There are 26 new cases of the novel coronavius in Nova Scotia, bringing the provincial total to 173.
In a news release Wednesday, the province said the positive cases came after more than 1,000 COVID-19 tests were completed at the QEII Health Sciences Centre’s microbiology lab on Tuesday.
“While most cases in Nova Scotia are connected to travel or a known case, as reported previously, there is one confirmed case of community transmission and more cases are expected to present,” the province stated.
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Of the 26 new cases of COVID-19, the province says one is a staff member at The Magnolia residential care home in Enfield. That makes three staff members and two residents of The Magnolia who have tested positive.
“The residents are in isolation and staff members are isolating at home,” the release reads. “All residents are being monitored for symptoms of COVID-19 including temperature checks twice daily.
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Two other nursing homes in Nova Scotia each have one staff member who has tested positive. Health officials say they are isolating at home and appropriate infection prevention and control measures are in place at facilities across the province.
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The province announced 20 new cases of COVID-19 on Tuesday, bringing the province’s total to 147. To date, Nova Scotia has 6,591 negative test results.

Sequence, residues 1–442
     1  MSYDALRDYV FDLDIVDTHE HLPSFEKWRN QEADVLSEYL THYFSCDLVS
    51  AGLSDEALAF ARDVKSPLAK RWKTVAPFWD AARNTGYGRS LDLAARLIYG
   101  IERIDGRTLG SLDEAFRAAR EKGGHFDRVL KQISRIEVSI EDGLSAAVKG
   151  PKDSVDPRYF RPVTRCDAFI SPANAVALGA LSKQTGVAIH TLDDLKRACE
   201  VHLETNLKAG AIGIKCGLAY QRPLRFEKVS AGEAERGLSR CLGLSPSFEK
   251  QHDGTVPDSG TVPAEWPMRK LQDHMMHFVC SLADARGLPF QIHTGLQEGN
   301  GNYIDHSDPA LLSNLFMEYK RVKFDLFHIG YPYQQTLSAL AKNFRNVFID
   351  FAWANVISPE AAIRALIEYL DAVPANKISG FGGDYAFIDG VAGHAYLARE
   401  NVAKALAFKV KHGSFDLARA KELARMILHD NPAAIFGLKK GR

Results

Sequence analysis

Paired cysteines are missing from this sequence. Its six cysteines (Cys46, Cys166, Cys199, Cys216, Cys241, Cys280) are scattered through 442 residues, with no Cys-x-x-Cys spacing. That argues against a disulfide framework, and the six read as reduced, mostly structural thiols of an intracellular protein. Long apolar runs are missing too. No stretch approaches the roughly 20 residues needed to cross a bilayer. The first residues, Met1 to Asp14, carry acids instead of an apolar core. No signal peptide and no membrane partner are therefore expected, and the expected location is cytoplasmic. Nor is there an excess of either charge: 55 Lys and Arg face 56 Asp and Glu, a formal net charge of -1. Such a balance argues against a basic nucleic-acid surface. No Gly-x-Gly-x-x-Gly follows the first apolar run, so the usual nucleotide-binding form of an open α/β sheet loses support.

Five individuals are currently in hospital and 11 have now recovered.
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Nova Scotia Premier Stephen McNeil and chief public health officer Dr. Robert Strang will be holding an update Wednesday at 3 p.m.
Questions about COVID-19? Here are some things you need to know:
Health officials caution against all international travel. Returning travellers are legally obligated to self-isolate for 14 days, beginning March 26, in case they develop symptoms and to prevent spreading the virus to others. Some provinces and territories have also implemented additional recommendations or enforcement measures to ensure those returning to the area self-isolate.
Symptoms can include fever, cough and difficulty breathing — very similar to a cold or flu. Some people can develop a more severe illness. People most at risk of this include older adults and people with severe chronic medical conditions like heart, lung or kidney disease. If you develop symptoms, contact public health authorities.
To prevent the virus from spreading, experts recommend frequent handwashing and coughing into your sleeve. They also recommend minimizing contact with others, staying home as much as possible and maintaining a distance of two metres from other people if you go out.
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